M G Pilkington

The University of Sheffield, Sheffield, England, United Kingdom

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Publications (13)49.1 Total impact

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    ABSTRACT: Parasitic plants have major impacts on plant community structure through their direct negative influence on host productivity and competitive ability. However, the possibility that these parasites may also have indirect impacts on community structure (via the mechanism of nutrient-rich litter input) while long hypothesized, has remained unsupported until now. Using the hemiparasite Rhinanthus minor, we established experimental grassland mesocosms to quantify the impacts of Rhinanthus litter and parasitism across two soil fertility levels. We measured the biomass and tissue nutrient concentration of three functional groups within these communities to determine their physiological response to resource abstraction and litter input by the parasite. We show that Rhinanthus alters the biomass and nutrient status of co-occurring plants with contrasting effects on different functional groups via the mechanism of nutrient-rich litter input. Critically, in the case of grass and total community biomass, this partially negates biomass reductions caused directly by parasitism. This demonstrates that the influence of parasitic plant litter on plant community structure can be of equal importance to the much-reported direct impacts of parasitism. We must consider both positive indirect (litter) and negative direct (parasitism) impacts of parasitic plants to understand their role in structuring plant communities.
    New Phytologist 01/2013; · 6.74 Impact Factor
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    ABSTRACT: Atmospheric nitrogen (N) deposition is a global and increasing threat to biodiversity and ecosystem function. Much of our current understanding of N deposition impacts comes from field manipulation studies, although interpretation may need caution where simulations of N deposition (in terms of dose, application rate and N form) have limited realism. Here, we review responses to simulated N deposition from the UKREATE network, a group of nine experimental sites across the UK in a diversity of heathland, grassland, bog and dune ecosystems which include studies with a high level of realism and where many are also the longest running globally on their ecosystem type. Clear responses were seen across the sites with the greatest sensitivity shown in cover and species richness of bryophytes and lichens. Productivity was also increased at sites where N was the limiting nutrient, while flowering also showed high sensitivity, with increases and declines seen in dominant shrub and forb species, respectively. Critically, these parameters were responsive to some of the lowest additional loadings of N (7.710 kg ha-1 yr-1) showing potential for impacts by deposition rates seen in even remote and unpolluted regions of Europe. Other parameters were less sensitive, but nevertheless showed response to higher doses. These included increases in soil %N and plant available KCl extractable N, N cycling rates and acidbase status. Furthermore, an analysis of accumulated dose that quantified response against the total N input over time suggested that N impacts can build up within an ecosystem such that even relatively low N deposition rates can result in ecological responses if continued for long enough. Given the responses have important implications for ecosystem structure, function, and recovery from N loading, the clear evidence for impacts at relatively low N deposition rates across a wide range of habitats is of considerable concern.
    Global Change Biology 01/2012; 18(4):1197-1215. · 8.22 Impact Factor
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    ABSTRACT: Air pollutants are recognised as important agents of ecosystem change but few studies consider the effects of multiple pollutants and their interactions. Here we use ordination, constrained cluster analysis and indicator value analyses to identify potential environmental controls on species composition, ecological groupings and indicator species in a gradient study of UK acid grasslands. The community composition of these grasslands is related to climate, grazing, ozone exposure and nitrogen deposition, with evidence for an interaction between the ecological impacts of base cation and nitrogen deposition. Ozone is a key agent in species compositional change but is not associated with a reduction in species richness or diversity indices, showing the subtly different drivers on these two aspects of ecosystem degradation. Our results demonstrate the effects of multiple interacting pollutants, which may collectively have a greater impact than any individual agent.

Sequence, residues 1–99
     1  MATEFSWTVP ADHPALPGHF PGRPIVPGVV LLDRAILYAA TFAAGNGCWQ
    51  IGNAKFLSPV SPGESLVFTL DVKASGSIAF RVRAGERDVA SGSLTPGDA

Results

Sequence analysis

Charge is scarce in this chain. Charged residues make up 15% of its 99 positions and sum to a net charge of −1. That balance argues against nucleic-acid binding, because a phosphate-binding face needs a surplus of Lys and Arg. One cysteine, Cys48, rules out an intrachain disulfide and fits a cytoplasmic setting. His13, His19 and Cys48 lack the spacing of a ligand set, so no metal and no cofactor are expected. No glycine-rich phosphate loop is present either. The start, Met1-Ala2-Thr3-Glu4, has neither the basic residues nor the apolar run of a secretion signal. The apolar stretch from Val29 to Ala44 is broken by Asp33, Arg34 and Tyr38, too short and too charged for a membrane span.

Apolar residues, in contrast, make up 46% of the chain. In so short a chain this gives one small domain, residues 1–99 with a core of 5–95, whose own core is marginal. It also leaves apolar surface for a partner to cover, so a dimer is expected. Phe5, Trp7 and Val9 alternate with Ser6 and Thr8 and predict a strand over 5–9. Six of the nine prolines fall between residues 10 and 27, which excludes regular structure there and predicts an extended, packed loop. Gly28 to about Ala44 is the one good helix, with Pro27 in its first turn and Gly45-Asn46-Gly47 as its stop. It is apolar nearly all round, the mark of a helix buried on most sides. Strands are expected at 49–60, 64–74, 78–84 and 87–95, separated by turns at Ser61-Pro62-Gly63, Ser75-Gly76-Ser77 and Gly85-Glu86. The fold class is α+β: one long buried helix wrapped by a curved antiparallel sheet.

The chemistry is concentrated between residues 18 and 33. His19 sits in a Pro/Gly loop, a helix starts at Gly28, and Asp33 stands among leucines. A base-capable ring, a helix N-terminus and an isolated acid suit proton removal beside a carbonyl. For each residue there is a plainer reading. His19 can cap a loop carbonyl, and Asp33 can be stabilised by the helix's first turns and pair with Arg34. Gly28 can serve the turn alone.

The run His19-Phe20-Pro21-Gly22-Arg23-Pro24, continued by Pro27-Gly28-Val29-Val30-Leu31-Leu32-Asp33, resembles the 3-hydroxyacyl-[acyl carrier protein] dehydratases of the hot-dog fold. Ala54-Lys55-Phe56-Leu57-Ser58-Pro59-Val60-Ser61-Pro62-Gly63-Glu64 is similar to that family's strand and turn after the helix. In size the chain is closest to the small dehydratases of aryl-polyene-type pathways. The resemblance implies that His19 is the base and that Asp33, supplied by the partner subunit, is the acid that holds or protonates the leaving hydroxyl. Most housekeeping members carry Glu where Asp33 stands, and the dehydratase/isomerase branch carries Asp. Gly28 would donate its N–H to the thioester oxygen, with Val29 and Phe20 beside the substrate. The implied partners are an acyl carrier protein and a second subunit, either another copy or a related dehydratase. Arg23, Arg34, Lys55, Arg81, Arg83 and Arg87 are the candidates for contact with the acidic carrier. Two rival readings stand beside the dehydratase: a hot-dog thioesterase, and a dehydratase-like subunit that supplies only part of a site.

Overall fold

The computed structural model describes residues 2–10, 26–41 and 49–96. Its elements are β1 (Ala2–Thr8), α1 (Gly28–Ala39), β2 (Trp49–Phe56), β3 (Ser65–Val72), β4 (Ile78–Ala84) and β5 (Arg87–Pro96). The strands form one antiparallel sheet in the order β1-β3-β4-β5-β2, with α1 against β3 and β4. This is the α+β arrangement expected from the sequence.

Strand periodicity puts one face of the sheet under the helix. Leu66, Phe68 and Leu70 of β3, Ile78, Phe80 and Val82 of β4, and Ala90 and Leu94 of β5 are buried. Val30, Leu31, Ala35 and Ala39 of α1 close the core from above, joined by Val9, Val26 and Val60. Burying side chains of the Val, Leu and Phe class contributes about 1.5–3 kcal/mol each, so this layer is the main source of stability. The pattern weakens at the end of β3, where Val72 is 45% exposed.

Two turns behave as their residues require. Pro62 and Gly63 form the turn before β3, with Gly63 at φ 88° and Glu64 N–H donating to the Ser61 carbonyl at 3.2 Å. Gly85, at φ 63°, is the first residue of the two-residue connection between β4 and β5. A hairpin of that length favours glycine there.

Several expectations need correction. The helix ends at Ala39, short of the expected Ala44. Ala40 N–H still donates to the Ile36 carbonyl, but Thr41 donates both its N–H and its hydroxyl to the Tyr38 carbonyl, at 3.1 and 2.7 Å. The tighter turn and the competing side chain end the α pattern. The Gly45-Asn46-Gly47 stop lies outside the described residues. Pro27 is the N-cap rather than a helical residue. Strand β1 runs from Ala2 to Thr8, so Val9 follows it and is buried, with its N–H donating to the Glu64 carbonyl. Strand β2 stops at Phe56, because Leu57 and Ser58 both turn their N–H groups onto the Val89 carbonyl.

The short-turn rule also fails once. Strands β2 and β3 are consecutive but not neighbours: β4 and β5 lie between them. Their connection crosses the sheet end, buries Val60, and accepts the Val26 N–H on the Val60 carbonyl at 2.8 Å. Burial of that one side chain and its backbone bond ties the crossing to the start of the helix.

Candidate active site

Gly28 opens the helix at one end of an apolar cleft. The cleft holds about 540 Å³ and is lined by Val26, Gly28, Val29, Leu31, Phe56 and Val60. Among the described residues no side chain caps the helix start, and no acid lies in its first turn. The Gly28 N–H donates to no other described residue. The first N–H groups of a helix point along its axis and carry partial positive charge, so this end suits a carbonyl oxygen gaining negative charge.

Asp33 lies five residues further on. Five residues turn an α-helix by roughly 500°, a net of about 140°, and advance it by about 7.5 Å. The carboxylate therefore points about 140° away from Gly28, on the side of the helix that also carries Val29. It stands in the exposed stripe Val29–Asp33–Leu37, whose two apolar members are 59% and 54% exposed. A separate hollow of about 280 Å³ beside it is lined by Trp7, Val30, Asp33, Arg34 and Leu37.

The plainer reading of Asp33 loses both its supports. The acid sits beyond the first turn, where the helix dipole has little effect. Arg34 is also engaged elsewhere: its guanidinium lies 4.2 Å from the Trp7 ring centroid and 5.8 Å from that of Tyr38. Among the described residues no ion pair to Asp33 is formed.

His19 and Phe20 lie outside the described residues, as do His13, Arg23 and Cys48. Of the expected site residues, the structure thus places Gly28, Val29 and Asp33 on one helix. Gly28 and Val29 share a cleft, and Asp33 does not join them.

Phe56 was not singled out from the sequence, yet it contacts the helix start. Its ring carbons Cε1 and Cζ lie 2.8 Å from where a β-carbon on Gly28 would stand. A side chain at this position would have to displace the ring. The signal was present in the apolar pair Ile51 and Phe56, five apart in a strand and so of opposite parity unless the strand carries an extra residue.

Environmental Pollution 06/2011; 159(10):2602-8. · 3.73 Impact Factor
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    ABSTRACT: Pilkington, M.G. et al. Impacts of burning and increased nitrogen deposition on nitrogen pools and leaching in an upland moor. Journal of ecology, 2007, vol. 95, no. 6, 1195-1207. Published by and copyright Wiley-Blackwell Publishing Ltd. The definitive version of this article is available from http://www.blackwellpublishing.com/journals/JEC 1. Upland moorlands are an extensive semi-natural resource, frequently burned either through management or uncontrolled outbreaks of fire. These systems are often situated in areas receiving high levels of atmospheric nitrogen (N) deposition, yet the effects of burning combined with high N deposition on ecosystem N pools and N leaching to surface waters are unknown. 2. A management burn was applied to an upland Calluna vulgaris moor which contained a set of long-term experimental plots treated with simulated increased N deposition at rates of +0, +40, +80 and +120 kg ha−1 year−1. Leaching losses of total dissolved inorganic N (TDNin) and dissolved organic N (DON) from organic and mineral soil horizons and the N pools in these horizons, as well as in litter and vegetation, were compared before and after the burn. 3. The results showed that leaching of TDNin and DON from both soil horizons increased in a 6-month period after the burn, with leaching of TDNin remaining elevated 2–3 years later. N pools in the deeper mineral layer of the soil also increased after the burn. Increasing long-term N additions magnified the burn effect on leaching losses but lessened the burn effect on the N pools in the mineral layer. In the +40 N addition plots, the amount of N removed in burning vegetation was of an equivalent size to the amount of additional N retained within the system. 4. Synthesis: These results suggest that burning approximately every 10 years may be effective in removing N retained in the system at N deposition rates up to 56 kg N ha−1 year−1. However, extensive burning of moorland or uncontrolled outbreaks of fire over wide areas may considerably exacerbate the threat of N loading to groundwater in areas where moors are more heavily N polluted, increasing the potential for acidification, eutrophication and brown water colouration. The data suggest that this is because the mineral horizon of upland moors receiving high N inputs has already been saturated with N such that increased downward percolation rates of N caused by the burn have risen above a threshold for immobilization (hence leading to more substantial post-burn increases in leaching of N).